For divers in Bali the big payoffs may seem like the manta rays, mola mola and schools of tropical fish, but actually some of the most incredible creatures can be found in the muck. Bali’s east coast has some of the best muck diving in the region where you will find a huge variety of nudibranchs. If you’re willing to do a little searching in the sand the nudibranchs in Bali will definitely not disappoint!
What is a nudibranch?
The name nudibranch comes from the Latin word ‘nudus’ which means ‘naked’ and the Greek word ‘brankhia’ which means ‘gills’. These creatures are sea slugs, but not all sea slugs are nudibranchs. Some even have a broad flat ‘foot’ like a slug or a snail that they use to get around on the sea floor.
There are over 3000 known species of nudibranchs and more are being discovered all the time. The range of colours, patterns, and shapes is absolutely breathtaking. Thanks to their amazing appearance they are very good at camouflaging themselves in coral. Unfortunately, they are still food for many sea creatures and have a life span of only a few months.
Thankfully nudibranchs are hermaphrodites so are ready to reproduce at any time when they meet another nudi. They can change to accommodate either male or female. This gives them the best chance to make more nudibranchs!
Another amazing fact about nudibranchs is that some are solar powered! Some species eat green algae and use the energy from the chloroplasts by photosynthesizing them in their bodies. This energy can sustain the nudibranch for months, which is sometimes a whole lifetime for them. It’s sort of like powering your body by sunbathing.
Where to find nudibranchs in Bali
Nudibranchs live in oceans all over the world in both shallow and deep water, but finding them in Bali is easiest while muck diving. Between Lotus Bungalows Candidasa and Padang Bai is Amuk Bay, one of the best muck diving spots on the island. Fantastic species like the Desirable Flabellina Aeolid Nudibranch and the Dark Margin Glossodoris Nudibranch have been spotted here.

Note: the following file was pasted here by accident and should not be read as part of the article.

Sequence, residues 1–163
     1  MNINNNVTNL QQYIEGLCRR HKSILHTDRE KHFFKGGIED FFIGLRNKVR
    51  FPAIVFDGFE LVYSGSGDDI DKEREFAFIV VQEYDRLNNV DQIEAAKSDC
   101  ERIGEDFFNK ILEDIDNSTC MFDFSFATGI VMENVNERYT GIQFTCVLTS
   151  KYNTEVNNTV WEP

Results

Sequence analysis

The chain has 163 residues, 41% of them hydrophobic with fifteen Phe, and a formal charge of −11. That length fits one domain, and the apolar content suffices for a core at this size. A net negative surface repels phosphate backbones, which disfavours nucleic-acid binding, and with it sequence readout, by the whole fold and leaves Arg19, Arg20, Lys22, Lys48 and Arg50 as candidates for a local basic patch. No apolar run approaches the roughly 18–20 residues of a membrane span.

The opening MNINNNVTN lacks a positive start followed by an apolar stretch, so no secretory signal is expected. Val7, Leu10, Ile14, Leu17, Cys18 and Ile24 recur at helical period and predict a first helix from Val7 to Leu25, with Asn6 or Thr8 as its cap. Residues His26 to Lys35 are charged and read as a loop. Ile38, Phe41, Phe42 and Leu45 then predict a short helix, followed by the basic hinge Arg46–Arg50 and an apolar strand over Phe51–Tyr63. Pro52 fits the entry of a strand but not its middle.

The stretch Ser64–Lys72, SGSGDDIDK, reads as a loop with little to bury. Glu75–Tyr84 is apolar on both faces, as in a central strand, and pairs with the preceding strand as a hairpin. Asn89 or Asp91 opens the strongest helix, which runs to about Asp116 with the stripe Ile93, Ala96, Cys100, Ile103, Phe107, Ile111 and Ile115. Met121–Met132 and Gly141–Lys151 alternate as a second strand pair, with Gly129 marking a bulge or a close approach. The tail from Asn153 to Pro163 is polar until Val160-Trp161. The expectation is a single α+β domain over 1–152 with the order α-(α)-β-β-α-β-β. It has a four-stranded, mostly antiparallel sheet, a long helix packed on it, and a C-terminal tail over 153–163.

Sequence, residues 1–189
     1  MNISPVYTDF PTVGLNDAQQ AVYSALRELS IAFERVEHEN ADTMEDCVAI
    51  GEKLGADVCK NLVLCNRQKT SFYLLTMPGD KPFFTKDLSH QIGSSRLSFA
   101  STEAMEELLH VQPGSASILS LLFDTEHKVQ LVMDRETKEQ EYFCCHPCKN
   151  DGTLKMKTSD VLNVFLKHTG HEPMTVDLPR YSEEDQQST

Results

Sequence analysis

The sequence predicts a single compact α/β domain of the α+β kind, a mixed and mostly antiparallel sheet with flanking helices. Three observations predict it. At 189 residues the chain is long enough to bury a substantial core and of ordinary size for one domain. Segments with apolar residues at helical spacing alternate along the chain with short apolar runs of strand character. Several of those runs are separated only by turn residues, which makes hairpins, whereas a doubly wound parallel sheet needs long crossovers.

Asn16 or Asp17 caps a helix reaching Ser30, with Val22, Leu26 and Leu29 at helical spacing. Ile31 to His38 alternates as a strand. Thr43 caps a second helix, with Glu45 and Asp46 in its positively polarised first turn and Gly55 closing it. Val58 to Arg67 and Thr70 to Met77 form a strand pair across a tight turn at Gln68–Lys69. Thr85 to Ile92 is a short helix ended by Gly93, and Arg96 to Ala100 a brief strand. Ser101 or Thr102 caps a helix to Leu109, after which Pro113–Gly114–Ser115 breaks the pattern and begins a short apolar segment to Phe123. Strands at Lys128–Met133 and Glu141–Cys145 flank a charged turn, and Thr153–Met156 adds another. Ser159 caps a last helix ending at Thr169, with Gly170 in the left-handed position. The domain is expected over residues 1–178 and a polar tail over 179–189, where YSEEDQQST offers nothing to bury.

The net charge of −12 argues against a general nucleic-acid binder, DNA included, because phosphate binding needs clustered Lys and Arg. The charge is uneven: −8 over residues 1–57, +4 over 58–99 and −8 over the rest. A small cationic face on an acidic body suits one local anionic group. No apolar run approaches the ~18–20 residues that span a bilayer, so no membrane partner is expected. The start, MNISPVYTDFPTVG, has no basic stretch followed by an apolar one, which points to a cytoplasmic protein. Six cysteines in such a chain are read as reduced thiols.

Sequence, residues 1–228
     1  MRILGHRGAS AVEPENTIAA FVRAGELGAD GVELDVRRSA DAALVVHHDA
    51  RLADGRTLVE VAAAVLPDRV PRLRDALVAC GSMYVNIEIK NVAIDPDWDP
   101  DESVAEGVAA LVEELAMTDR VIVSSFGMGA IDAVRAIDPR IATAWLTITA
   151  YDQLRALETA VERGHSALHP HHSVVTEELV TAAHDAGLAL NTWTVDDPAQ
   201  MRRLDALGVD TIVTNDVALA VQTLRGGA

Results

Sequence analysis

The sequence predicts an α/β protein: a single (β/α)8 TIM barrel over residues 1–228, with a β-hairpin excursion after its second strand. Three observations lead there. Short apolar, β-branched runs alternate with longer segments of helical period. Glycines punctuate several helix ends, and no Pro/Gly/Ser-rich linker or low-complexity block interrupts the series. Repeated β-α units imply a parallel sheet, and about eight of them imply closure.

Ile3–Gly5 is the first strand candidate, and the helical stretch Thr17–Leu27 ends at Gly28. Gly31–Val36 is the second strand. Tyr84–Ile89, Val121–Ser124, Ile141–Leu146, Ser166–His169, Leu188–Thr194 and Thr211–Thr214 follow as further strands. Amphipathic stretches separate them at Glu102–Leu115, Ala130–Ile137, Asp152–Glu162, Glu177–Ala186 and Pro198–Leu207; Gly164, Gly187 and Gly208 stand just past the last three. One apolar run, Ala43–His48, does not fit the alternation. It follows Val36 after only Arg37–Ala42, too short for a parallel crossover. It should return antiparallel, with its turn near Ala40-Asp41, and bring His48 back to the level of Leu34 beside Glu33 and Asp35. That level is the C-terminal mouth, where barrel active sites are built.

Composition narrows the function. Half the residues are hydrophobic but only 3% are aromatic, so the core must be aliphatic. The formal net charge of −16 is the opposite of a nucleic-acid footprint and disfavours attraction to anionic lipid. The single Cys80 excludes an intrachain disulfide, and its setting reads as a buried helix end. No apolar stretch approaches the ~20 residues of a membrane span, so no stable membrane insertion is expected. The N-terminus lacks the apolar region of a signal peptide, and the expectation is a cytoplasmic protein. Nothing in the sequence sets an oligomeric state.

You can also find nudibranchs at Amed, Salayar, Tulamben, the Liberty Wreck, and Gilimanuk. All of these dive sites will allow you to discover the incredible variety of nudis that Bali offers.
You’re definitely going to want to photograph all the amazing nudibranchs you see in Bali. Trying to describe them with all their crazy colours and shapes would be way too much of a challenge! So here are some tips on how to best photograph nudibranchs while diving.
- For shooting macro subjects like nudis you’ll need to get low, get close and shoot upwards. These are the basics of macro photography but especially important when shooting nudibranchs.
- Always use a high shutter speed. Keeping out any ambient light will make the contrast of the nudis bright colours even more striking.
- Compose your subject against negative space to again make the contrast stronger.
- Notice the symmetry of the nudibranch’s body. Most nudis are exactly the same on each half of their bodies so it’s not necessary to always get a ‘portrait’ photo.
- Pay close attention to the background to make sure your nudibranch doesn’t lose its rhinophores or patterns.
- Attention to depth of field can make an ordinary photo extraordinary. It’s important to keep rhinophores sharp to but other parts of the body can be out of focus.
- Take advantage of black background opportunities – If the subject is perched up high, create a black background. But be careful of slugs with black Rhinophores as they will easily blend in with the background.
- Experiment with your camera settings. It’s always better to play around and see what kind of images you can get with different settings. Take plenty of shots and you’ll be sure to have some great ones to choose from.
Are you ready to discover the magical world of nudibranchs?
Once you’ve seen nudibranchs on a dive you’ll be dying to find more and more. There is so much variety it’s almost an addiction to see what weird and wonderful pattern or shape you’ll find next. What colour or pattern of nudi would you be most shocked to see? We’d love to hear your thoughts in the comments section below!